As a measure of the stability of the flat field we looked at the ratio of the first F140LP P-flat and the F115LP spectralon P-flat, which was obtained nine days later. SBC was powered down for three days in the interim. Furthermore the SBC tube temperature was not stable while the first few frames of F115LP spectralon data were being obtained. The residual RMS (after removiing the Poisonian component) is 0.8% of the mean. Excluding areas where a residual Moire pattern can be seen, the RMS is 0.7% of the mean. Thus typically we expect the SBC flats to be stable to better than 1% over timescales of about a week. However, if data is obtained during more drastic changes of the SBC tube temperature, they may be subject to larger faltfielding residuals (on the ~1% level), as noted above.
Super P-flats : Since some of the strongest features in the flat fields are wavelength independent we have constructed a Super Long Pass P-Flat, and a Super Prism P-Flat. These are P-flats which remove much of the pixel-to-pixel noise from SBC long-pass and prism images. The data sets used to make the Super P-flats are noted in the first column of Table 1 with the the superscripts SLP (Super Long Pass) and SPR (Super PRism). Here is a link to the Super Flats page which shows thumbnails of the two super P-flats and has links to full scale GIF and FITS images.
Dark spots (blemishes) : The Super Long Pass P-Flat was used to determine the number of blemishes in the image. We define blemishes as pixels that are below a threshold level in the normalized P-flat. The "bad areas" (broken annode, edges of detector) are excluded from the analysis. The number of pixels below threshold levels ranging from 0.1 to 0.5 are listed in Table 3 (recall that 1.0 is the average value of the P-flat). Also available is a list of blemishes which lists the pixel positions and depths of the blemishes, sorted by depth. The list was created with the IDL program sbc_defects.pro
The blemishes typically are part of the hexagonal MCP lines or are at the edge of the broken annode, or repeller wire shadow, and are clustered.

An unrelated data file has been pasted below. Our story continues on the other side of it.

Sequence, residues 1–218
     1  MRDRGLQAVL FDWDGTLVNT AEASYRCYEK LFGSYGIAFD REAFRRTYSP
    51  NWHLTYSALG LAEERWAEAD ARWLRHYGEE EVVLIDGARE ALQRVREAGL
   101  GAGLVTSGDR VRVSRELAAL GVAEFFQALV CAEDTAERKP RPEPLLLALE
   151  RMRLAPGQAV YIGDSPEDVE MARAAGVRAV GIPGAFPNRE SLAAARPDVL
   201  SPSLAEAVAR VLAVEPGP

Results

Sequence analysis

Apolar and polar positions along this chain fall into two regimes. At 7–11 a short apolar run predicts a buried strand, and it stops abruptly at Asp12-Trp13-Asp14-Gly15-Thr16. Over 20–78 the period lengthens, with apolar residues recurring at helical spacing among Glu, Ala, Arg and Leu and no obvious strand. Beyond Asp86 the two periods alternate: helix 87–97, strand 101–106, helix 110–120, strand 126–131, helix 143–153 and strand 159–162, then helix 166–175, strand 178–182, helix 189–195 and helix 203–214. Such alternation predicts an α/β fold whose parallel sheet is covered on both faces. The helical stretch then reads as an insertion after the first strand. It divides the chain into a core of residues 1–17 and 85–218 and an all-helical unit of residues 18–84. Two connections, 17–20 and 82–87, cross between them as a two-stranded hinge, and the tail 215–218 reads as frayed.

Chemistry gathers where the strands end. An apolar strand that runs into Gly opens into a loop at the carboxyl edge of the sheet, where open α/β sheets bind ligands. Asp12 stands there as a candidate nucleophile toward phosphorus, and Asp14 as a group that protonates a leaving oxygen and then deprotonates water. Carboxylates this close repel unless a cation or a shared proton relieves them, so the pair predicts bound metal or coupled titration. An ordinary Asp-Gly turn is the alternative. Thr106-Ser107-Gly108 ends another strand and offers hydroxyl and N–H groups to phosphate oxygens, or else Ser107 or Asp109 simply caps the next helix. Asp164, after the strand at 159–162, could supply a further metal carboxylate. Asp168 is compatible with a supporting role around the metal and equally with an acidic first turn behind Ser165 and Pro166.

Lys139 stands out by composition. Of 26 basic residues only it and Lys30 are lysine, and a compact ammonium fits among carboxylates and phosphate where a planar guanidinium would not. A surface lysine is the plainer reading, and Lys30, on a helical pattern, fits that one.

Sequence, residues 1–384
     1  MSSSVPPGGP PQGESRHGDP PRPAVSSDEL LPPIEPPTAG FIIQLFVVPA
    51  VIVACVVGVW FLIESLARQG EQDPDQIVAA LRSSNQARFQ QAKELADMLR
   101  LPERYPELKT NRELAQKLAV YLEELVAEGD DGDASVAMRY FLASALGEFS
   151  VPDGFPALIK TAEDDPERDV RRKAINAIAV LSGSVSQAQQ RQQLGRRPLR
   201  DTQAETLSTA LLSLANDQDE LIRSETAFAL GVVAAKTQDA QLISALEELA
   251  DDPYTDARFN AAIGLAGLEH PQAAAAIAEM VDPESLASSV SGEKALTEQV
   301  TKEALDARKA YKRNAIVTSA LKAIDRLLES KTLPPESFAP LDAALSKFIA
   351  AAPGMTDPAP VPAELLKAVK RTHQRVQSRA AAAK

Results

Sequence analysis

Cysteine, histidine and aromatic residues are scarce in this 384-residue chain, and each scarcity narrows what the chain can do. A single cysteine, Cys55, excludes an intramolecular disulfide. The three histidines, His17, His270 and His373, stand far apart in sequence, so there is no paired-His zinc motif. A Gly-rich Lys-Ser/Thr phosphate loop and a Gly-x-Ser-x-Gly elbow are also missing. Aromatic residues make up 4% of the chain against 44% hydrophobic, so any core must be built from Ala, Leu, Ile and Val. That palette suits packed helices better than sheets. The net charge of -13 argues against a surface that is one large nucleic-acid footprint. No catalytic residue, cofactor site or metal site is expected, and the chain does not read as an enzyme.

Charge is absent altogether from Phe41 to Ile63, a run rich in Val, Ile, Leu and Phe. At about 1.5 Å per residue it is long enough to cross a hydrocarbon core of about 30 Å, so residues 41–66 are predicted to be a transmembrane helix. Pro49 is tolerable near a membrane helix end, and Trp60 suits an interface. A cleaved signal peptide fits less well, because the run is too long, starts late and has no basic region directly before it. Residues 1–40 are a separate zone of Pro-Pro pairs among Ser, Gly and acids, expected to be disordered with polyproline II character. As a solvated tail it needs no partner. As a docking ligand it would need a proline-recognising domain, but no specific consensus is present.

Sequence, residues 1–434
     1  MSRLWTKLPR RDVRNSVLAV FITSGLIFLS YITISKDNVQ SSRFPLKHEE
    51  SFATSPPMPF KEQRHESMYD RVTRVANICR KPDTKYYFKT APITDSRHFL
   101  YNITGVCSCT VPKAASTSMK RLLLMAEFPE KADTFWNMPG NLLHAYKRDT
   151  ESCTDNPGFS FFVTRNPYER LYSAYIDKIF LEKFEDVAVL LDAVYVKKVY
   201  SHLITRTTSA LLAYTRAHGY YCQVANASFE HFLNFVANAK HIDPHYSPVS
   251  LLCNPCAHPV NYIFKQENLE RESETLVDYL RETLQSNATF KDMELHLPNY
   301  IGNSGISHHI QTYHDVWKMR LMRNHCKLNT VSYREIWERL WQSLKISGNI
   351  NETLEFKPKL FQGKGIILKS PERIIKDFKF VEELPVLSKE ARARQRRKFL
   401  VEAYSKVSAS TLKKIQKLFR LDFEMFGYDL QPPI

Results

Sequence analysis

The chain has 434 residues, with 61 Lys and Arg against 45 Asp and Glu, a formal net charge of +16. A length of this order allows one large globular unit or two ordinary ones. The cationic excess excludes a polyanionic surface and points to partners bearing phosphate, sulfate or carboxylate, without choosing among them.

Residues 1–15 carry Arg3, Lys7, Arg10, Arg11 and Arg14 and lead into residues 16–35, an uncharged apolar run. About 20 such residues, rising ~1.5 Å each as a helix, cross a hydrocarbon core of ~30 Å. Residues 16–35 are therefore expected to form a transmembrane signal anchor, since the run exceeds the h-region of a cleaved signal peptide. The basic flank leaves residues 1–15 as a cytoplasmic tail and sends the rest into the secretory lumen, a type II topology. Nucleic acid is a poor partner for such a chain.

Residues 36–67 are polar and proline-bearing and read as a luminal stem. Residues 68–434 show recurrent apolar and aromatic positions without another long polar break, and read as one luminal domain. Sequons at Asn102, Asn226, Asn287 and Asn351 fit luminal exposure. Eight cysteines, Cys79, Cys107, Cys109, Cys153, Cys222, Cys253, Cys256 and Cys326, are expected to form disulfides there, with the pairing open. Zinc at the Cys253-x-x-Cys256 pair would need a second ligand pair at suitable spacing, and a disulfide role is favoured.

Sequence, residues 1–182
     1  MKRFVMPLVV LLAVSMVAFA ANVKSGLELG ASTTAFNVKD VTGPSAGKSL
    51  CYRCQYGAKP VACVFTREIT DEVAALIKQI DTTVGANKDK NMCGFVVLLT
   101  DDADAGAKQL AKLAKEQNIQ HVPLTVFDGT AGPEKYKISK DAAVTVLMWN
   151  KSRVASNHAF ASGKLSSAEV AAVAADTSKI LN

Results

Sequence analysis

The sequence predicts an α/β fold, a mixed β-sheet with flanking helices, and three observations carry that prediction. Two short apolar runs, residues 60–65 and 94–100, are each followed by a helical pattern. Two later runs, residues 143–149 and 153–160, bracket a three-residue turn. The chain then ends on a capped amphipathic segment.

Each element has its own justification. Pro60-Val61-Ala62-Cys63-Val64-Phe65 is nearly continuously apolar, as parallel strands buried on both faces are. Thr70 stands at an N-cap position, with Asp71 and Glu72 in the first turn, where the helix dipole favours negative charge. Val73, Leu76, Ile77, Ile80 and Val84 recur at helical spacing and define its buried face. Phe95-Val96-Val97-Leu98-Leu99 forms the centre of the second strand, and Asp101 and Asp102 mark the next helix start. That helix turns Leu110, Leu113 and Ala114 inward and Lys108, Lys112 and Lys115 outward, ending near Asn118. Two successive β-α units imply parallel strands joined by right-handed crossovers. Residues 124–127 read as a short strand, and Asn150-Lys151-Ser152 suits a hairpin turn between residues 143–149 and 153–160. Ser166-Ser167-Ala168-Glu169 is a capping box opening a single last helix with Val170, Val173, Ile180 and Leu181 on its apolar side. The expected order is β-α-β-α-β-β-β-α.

There are 15 pixels depressed below 40% of the mean local level, and we expect most of these to still "flat-field" out. The CEI (contract end item) specification is that there be less than 20 dark pixels. hence at the below 40% of the mean level, the SBC meets this specification.
CEI specifications: The SBC flat data allows us to address several CEI (contract end item) specifications. These are listed in Table 4. All of the specifications relevent to the SBC flats are met.
|Flat field non-uniformity||<8% (1 sigma)||5.8% - 6.2%||Spec. met|
|188.8.131.52-007||Flat field stability (per week)||<1%||0.8% over 9 days||Spec. met|
|184.108.40.206-009||Defect level - anode array||<3
|1 broken anode||Spec. met|
|220.127.116.11-011||Defect level - dark spots||<20||15 pixels <40% of
Note: most dark pixels flat field out
Conclusions: We have presented SBC flat fields obtained with sufficient counts to allow most pixel-to-pixel structure in SBC images to be removed to better than the percent level. This is entirely sufficient for most astronomical applications. Residual Moire patterns at the 1% to 2% level are likely to be a problem in images obtained while the SBC tube temperature is changing. Small errors in positioning the SBC filters may result in residual small scale structure at the ~0.5% level. Dust should be cleaned off of the F165LP and F115LP filters, and if possible (practical), flat field observations should be repeated.